Scott Walker’s team must be getting worried about their legal strategy in the case of the anti-union bill. Because now, there’s open talk about going back to the drawing board and putting the provisions into another piece of legislation, in this case the budget bill for this fiscal year.
Andrew Welhouse, a spokesman for Senate Majority Leader Scott Fitzgerald, R-Juneau, said Thursday that while the “preferred avenue” for implementing the collective bargaining bill is still the state courts, there is a “possibility” the bill will be inserted into the 2011-2013 state budget.
“There is a possibility, and it has been informally discussed among Republican leadership, including the Joint Finance Committee co-chairs, that if the matter can’t be fully decided on by the Supreme Court, then it will be inserted into the full budget,” Welhouse told The Capital Times.
The legality of the bill, which would strip most collective bargaining rights from state employees, was challenged by Dane County District Attorney Ozanne Ismael on the grounds a special conference committee violated the state’s open meetings law when it approved the collective bargaining bill on March 9.
Given the disposition of the judge in that case, who already put an injunction on implementation of the law, it’s a good bet that she will rule that the meeting did violate Wisconsin law. Then Republicans would have to go through the appeals process, which could take quite a while. Putting the anti-union provisions into the budget bill is an admission of guilt.
But it sets up an interesting proposition. The same rules would apply in the legislature: the “Fab 14″ could simply walk out again on the budget bill, which clearly has a fiscal impact. Republicans could try the same maneuver they did to pass the collective bargaining stripping before, while taking the proper time to call the conference committee meeting. Or, they could simply allow the Fab 14 Democratic state Senators to stay out of the state. That would include three Senators – Robert Wirch, Dave Hansen and Jim Holperin – who face recall elections sometime in the summer. Forcing them out of state would basically sideline them during those elections.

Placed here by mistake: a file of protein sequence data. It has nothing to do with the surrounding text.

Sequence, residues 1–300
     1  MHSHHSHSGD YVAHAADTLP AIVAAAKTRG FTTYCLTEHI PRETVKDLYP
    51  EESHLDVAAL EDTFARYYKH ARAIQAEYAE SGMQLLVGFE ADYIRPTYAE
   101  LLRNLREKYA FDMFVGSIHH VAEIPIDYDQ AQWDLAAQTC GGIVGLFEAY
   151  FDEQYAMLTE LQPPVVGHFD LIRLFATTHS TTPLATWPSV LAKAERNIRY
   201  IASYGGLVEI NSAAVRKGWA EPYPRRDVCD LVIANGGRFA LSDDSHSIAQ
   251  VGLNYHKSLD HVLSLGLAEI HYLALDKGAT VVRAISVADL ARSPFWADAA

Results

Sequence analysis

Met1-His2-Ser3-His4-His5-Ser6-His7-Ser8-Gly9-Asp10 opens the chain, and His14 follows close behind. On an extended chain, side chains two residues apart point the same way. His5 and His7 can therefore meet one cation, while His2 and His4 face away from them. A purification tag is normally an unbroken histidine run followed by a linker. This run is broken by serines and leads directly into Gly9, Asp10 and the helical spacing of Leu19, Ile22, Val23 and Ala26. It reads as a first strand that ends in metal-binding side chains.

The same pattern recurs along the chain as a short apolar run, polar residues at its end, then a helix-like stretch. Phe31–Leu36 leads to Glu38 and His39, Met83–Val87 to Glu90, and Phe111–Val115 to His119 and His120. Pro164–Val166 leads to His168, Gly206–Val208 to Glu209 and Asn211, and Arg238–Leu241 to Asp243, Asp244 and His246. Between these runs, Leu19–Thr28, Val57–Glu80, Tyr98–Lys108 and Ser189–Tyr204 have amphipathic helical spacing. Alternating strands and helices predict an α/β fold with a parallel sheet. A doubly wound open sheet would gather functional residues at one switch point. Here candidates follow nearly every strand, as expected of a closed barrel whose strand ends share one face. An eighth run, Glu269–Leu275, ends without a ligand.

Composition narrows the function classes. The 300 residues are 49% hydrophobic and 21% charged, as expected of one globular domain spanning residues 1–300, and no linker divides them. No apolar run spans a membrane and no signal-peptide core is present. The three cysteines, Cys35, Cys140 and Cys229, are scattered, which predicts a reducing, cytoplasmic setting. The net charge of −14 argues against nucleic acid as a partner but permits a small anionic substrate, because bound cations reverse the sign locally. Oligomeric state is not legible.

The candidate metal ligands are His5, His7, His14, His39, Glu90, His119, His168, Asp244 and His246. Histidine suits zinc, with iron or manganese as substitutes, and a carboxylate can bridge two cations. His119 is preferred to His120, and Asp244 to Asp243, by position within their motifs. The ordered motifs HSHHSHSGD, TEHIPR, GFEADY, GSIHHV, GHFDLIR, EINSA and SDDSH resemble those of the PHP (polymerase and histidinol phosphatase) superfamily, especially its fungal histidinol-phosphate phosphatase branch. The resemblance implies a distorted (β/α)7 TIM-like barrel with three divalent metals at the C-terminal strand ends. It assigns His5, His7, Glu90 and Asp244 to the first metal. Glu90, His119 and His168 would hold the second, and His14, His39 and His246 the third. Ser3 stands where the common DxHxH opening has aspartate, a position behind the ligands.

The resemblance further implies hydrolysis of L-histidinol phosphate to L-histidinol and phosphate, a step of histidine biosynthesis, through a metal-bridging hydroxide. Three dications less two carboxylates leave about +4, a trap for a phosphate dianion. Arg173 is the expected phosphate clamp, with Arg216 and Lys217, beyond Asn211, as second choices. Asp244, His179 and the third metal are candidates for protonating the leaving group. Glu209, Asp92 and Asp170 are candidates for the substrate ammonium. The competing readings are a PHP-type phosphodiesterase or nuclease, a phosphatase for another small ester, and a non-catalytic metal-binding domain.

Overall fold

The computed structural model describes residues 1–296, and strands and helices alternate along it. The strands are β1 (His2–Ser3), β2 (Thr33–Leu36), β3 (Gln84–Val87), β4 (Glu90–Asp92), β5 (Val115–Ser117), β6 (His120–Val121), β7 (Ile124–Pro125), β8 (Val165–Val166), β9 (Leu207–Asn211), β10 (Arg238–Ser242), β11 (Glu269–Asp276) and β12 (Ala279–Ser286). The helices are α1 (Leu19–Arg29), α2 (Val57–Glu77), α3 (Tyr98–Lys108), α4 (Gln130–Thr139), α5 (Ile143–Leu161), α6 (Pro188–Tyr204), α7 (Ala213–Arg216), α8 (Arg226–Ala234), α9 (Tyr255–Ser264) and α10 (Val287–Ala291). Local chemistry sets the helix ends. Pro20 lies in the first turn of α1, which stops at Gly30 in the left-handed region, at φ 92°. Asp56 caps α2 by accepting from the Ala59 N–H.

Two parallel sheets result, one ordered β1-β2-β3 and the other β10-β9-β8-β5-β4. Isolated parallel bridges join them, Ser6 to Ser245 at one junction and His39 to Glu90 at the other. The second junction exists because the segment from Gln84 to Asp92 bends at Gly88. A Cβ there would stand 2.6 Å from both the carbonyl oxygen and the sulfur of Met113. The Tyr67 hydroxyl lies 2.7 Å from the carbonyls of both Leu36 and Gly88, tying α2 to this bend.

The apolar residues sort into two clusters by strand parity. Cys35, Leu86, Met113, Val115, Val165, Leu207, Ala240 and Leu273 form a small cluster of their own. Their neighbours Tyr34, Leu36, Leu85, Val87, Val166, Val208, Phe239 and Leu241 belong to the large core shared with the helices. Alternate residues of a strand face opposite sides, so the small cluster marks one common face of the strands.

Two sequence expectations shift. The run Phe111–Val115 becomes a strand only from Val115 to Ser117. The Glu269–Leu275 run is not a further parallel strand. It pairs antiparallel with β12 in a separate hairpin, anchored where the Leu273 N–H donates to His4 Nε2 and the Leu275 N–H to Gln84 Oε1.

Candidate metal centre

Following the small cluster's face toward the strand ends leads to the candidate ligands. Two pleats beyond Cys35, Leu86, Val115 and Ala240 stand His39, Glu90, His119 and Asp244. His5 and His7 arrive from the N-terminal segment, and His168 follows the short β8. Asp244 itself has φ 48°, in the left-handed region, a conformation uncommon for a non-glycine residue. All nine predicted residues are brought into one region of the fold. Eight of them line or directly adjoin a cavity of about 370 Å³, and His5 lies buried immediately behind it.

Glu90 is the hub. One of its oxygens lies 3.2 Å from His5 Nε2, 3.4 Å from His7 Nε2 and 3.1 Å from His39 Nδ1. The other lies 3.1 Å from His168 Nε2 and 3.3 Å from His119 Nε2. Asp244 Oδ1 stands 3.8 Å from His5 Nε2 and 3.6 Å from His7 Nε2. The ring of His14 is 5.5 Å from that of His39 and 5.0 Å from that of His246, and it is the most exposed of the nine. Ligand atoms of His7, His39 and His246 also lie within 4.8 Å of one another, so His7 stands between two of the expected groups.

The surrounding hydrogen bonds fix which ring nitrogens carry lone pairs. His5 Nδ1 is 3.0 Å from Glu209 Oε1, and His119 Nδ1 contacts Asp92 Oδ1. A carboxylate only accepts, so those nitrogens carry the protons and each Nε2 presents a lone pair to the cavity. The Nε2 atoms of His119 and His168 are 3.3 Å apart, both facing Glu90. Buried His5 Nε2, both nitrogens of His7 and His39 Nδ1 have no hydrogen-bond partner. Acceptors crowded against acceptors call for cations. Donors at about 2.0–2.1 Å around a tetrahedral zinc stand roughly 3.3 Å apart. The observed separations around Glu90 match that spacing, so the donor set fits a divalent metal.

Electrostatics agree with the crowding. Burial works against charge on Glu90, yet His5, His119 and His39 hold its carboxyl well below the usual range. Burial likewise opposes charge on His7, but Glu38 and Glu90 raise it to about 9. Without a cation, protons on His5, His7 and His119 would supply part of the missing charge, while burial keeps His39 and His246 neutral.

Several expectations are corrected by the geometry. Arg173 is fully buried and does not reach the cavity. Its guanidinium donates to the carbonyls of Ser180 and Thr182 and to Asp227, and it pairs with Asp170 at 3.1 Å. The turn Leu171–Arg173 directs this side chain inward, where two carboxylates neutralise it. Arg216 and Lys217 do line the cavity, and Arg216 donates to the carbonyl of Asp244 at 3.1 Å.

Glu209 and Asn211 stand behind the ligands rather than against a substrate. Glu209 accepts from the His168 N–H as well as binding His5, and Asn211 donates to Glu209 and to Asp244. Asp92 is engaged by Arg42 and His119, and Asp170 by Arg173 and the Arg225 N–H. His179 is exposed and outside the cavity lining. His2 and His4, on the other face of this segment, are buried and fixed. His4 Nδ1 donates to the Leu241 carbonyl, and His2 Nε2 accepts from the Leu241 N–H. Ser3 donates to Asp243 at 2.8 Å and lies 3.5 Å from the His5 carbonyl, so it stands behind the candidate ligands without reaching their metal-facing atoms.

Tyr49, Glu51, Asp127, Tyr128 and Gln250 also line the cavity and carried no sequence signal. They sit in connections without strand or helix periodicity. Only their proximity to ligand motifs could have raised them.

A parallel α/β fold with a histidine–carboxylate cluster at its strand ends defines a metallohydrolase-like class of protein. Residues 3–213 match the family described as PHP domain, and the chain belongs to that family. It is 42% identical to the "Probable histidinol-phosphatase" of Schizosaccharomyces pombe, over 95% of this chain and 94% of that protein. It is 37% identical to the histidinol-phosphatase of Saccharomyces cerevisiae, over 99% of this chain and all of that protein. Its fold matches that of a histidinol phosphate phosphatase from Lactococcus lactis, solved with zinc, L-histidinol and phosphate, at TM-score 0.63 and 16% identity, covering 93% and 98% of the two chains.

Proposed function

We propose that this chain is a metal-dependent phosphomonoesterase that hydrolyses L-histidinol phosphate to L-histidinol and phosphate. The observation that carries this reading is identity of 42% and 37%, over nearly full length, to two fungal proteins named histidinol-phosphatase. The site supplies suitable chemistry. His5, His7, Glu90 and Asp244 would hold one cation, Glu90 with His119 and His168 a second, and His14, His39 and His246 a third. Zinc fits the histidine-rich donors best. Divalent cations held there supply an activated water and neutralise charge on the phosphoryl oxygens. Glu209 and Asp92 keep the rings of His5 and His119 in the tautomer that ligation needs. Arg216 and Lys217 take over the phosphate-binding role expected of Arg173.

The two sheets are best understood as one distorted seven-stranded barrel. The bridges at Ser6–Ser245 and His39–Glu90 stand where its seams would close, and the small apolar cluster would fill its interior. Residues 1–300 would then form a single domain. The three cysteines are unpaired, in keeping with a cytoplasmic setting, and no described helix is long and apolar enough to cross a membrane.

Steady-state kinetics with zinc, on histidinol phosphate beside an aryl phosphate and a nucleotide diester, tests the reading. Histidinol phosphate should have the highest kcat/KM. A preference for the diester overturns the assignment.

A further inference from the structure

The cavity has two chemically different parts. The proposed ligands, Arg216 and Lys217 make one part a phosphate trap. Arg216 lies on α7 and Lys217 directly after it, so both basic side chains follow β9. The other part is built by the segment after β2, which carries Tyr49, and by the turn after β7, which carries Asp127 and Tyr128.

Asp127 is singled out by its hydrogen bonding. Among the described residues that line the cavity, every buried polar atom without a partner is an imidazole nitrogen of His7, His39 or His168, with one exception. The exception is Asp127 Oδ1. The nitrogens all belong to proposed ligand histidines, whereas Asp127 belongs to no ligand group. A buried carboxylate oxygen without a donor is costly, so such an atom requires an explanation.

Then there’s the question of whether those six Republicans facing recall would vote for the bill a second time. Maybe some would – co-chair of the Joint Finance Committee Alberta Darling, who is up for recall, said she’d agree to it. But with Sen. Dale Schultz opposing last time, only two of the six would be needed to flip to derail the bill.
And there’s the countdown factor. After July 12, if Democrats pick up three seats and carry the state Senate, the anti-union bill is dead, and furthermore, any shenanigans in redistricting are dead, along with most of the rest of the Walker agenda. So the Governor needs to choose what he wants to fast-track in the next couple months to prepare for the eventuality that he will not have total control of the government.
There are a lot of interesting subplots to this. Stay tuned.